• Pre-build your templates.  Building forms on the fly adds complexity and confusion when you’re in the moment.  This is a variable that you have control over so pre-build the Visio, PowerPoint, Word documents in advance so they’re handy in a bind.  If the documents need to be shared with participants, store them on a publicly available LAN drive so they can be loaded when needed.
  • Dry run your tools.  Technology doesn’t always work and it always fails when you need it most.  Work with your team to familiarize yourselves with the tools in advance.  Ensure the transitions flow.  Build in additional time – you’ll need more than you think.
  • Use adjacent rooms for breakouts.  If your participants need to breakout into subgroups, ensure that the rooms they move into are adjacent and on the same floor.  The further the distance the more of a distraction it is.  If you can, have a laptop and conference bridge setup in advance so participants can get to work immediately.

While industry has helped us to see and talk to one another quite well, there remains a key challenge with how team members collaborate and share data concurrently and in real-time.  In the coming months, I expect to be conducting further research and testing on Etherpad since it has been Open Sourced.  Years back a team of individuals that left Google created the hosted web application which was subsequently shut down when the company was bought out and Google Wave was released.  Due to the nature of our organization and policies surrounding hosting internal data on external servers, we have not been able to explore this option until now.

What tips do you have when running virtual working sessions?  How do you share data real-time with team members?

Posted by: Eric Michrowski | September 10, 2011

Qualifying the impact of social media

I recently came across one of the most comprehensive studies on the impact of Social Media in organizations.  McKinsey recently concluded the latest edition of their Global Survey (http://goo.gl/wjRqv) that surveyed over 4,000 executives across regions and industries and provides some very interesting insights on the use of social media in organizations.  If anyone doubts the impact that social media will have on collaboration within organizations and in driving process improvements, I highly suggest reading through the details.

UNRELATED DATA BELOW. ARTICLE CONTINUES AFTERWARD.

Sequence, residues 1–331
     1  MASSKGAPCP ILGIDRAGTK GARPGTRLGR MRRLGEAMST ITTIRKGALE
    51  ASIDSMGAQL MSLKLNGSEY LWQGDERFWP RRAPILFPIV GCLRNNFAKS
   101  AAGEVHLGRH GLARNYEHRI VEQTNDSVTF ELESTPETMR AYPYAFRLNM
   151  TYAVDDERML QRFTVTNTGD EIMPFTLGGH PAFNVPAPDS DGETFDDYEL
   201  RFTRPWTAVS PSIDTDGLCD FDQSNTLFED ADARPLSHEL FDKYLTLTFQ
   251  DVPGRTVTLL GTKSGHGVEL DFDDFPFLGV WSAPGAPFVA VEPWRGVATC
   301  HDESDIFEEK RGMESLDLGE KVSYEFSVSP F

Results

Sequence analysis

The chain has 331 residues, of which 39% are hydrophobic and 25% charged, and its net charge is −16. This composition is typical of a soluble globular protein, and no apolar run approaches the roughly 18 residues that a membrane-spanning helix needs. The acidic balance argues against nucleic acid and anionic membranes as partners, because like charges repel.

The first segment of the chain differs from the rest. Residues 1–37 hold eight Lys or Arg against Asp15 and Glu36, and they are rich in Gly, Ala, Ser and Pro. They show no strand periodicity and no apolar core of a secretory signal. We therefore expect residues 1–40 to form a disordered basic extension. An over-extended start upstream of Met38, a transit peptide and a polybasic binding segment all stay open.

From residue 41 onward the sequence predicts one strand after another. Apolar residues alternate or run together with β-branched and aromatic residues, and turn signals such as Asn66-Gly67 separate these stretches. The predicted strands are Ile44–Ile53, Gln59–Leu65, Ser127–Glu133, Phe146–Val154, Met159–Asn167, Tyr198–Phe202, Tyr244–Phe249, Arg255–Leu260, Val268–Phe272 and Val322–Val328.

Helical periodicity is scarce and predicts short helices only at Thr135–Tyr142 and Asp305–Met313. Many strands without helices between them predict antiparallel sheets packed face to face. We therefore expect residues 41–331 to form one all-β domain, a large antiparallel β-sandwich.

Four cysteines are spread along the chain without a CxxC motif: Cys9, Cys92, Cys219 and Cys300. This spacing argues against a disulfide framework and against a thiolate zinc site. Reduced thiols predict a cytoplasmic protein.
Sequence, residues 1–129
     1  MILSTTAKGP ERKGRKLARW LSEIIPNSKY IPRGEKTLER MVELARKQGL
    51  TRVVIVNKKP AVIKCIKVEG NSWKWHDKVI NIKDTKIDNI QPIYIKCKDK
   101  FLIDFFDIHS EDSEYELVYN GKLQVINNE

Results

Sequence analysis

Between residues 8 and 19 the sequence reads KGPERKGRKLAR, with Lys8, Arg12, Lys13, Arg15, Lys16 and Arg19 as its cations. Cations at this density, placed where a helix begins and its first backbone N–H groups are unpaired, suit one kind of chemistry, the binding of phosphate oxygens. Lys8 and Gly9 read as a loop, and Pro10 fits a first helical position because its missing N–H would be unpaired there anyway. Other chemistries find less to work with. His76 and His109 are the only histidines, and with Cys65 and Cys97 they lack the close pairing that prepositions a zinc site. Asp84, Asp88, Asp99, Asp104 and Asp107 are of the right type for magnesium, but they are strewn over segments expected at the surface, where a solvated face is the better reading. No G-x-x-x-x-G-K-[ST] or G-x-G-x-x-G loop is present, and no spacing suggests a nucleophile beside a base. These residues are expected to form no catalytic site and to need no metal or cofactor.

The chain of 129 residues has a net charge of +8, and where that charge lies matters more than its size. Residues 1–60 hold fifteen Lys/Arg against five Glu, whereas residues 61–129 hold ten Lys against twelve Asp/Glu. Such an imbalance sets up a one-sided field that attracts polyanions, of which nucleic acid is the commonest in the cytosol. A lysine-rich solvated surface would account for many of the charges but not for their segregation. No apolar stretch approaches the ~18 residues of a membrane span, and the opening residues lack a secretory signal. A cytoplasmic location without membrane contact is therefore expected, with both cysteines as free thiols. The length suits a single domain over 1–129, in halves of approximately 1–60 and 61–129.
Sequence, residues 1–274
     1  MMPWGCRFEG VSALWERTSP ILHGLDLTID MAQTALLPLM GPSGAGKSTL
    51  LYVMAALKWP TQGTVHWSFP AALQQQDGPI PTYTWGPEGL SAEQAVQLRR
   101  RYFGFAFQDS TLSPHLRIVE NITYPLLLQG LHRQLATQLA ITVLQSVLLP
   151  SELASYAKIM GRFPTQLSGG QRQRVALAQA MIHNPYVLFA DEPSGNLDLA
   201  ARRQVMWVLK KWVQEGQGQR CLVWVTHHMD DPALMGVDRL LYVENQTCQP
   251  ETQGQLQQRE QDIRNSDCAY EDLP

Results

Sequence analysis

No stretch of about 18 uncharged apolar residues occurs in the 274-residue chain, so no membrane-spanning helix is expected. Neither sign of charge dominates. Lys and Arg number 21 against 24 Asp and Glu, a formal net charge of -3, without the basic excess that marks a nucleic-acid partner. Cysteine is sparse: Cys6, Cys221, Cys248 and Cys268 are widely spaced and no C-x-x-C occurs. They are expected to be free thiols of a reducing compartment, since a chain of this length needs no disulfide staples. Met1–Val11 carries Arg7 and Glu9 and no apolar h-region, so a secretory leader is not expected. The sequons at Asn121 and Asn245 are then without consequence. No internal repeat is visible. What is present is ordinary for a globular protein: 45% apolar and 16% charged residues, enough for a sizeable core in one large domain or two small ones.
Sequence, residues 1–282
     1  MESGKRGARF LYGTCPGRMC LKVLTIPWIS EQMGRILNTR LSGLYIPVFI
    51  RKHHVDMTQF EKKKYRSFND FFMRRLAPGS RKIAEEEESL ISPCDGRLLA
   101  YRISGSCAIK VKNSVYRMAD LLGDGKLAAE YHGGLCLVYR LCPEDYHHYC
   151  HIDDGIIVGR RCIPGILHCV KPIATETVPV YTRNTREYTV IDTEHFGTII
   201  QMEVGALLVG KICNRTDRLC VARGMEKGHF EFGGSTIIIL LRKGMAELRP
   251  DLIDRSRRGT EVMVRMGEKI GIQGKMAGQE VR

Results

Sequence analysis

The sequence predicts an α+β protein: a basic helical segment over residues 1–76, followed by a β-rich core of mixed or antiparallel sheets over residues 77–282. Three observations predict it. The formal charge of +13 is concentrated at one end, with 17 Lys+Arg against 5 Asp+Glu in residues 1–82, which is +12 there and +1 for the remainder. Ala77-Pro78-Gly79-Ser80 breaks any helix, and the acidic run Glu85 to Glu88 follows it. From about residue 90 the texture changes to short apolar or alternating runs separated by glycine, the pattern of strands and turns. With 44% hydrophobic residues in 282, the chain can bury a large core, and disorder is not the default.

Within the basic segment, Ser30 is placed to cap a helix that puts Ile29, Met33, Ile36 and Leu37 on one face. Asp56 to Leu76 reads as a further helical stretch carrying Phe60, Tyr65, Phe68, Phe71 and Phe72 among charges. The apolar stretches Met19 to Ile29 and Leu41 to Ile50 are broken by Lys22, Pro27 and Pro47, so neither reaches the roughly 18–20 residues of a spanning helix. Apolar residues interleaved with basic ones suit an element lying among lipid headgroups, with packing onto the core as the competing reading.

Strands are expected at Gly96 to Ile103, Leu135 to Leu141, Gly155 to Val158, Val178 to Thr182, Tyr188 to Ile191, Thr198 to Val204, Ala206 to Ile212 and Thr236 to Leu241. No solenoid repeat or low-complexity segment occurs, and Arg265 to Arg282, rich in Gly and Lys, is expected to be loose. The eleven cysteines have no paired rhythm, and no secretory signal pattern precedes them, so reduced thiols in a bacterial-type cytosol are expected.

First and foremost, the survey reinforces two important factors around social technologies:

  • in terms of benefits, 9 out of 10 respondents whose organizations use social technologies report some degree of benefits
  • 72% of respondents confirmed that their organizations use social technologies in some form

When listing the top likeliest organizational changes resulting from social technologies in the next 3-5 years, in the absence of constraints, the following top 4 areas that were highlighted:

  • The boundaries between employees , vendors and customers will blur (35% of respondents)
  • Teams will self-organize (32% of respondents)
  • Decisions will be based primarily on the examination of data rather than reliance on opinion and experience (32% of respondents)
  • Data used for decision making will mostly be collected through experiments (20%)

When seeing these results, I would expect that most process improvement and organizational development practitioners would see the potential opportunities that such improvements could bring to organizational collaboration and process improvements.  More specifically, the data based decision making and the piloting  are definitely benefits that social media do bring in terms of rapidly testing ideas in the market (i.e. how Starbucks leverages social media in their product development lifecycle to test new ideas) and quickly seeking feedback from team members and customers on new ideas and concepts.

Many companies have already incorporated social media into their operations.  At Intuit, makers of the software QuickBooks, team members turn to internal social media tools to source solutions to software problems from other team members. Employees at Dell use a platform called EmployeeStorm which surfaces ideas from all it’s business units and creates an environment where discussions can occur among it’s 80,000 employees.  Topics range from product upgrades to process improvement opportunities.  In other organizations, process improvement opportunities are crowd sourced and voted on by team members increasing the visibility of potential projects.  Active workshops have also posed questions to the community eliciting assistance identifying process issues or potential solutions.  Facebook and Twitter are now used as well to address customer support issues and also take feedback to develop an improved customer experience.

While the analysis clearly points to the fact that social technologies remain in their early days of adoption as capabilities and opportunities continue to evolve, it is somewhat disappointing to see how few companies leverage social media to help drive process improvements.  In a recent iSixSigma survey, the same was highlighted when only 1-2% of respondents indicated that they leveraged social technologies as part of their deployments.

Based on your experience, what are some of the top opportunities that social technologies bring to improve collaboration and drive process improvements?
 
Posted by: Eric Michrowski | June 28, 2011

Social Media: an enabler for Process Excellence Webinar